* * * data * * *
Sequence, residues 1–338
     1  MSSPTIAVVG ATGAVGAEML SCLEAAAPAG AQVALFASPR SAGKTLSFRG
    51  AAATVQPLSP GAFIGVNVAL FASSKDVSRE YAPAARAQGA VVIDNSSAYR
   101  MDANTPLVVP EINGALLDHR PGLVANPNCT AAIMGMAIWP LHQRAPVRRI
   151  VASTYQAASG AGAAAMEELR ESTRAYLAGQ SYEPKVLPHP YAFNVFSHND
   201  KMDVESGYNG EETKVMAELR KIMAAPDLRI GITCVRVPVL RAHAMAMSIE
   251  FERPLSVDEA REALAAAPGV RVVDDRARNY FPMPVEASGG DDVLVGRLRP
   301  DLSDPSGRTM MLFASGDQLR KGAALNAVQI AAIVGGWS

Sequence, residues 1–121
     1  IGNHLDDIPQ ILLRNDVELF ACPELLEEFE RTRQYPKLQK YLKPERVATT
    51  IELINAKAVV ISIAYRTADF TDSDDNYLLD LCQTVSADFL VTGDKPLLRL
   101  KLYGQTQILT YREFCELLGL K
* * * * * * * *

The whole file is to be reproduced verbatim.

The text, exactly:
Sequence, residues 1–338
     1  MSSPTIAVVG ATGAVGAEML SCLEAAAPAG AQVALFASPR SAGKTLSFRG
    51  AAATVQPLSP GAFIGVNVAL FASSKDVSRE YAPAARAQGA VVIDNSSAYR
   101  MDANTPLVVP EINGALLDHR PGLVANPNCT AAIMGMAIWP LHQRAPVRRI
   151  VASTYQAASG AGAAAMEELR ESTRAYLAGQ SYEPKVLPHP YAFNVFSHND
   201  KMDVESGYNG EETKVMAELR KIMAAPDLRI GITCVRVPVL RAHAMAMSIE
   251  FERPLSVDEA REALAAAPGV RVVDDRARNY FPMPVEASGG DDVLVGRLRP
   301  DLSDPSGRTM MLFASGDQLR KGAALNAVQI AAIVGGWS

Sequence, residues 1–121
     1  IGNHLDDIPQ ILLRNDVELF ACPELLEEFE RTRQYPKLQK YLKPERVATT
    51  IELINAKAVV ISIAYRTADF TDSDDNYLLD LCQTVSADFL VTGDKPLLRL
   101  KLYGQTQILT YREFCELLGL K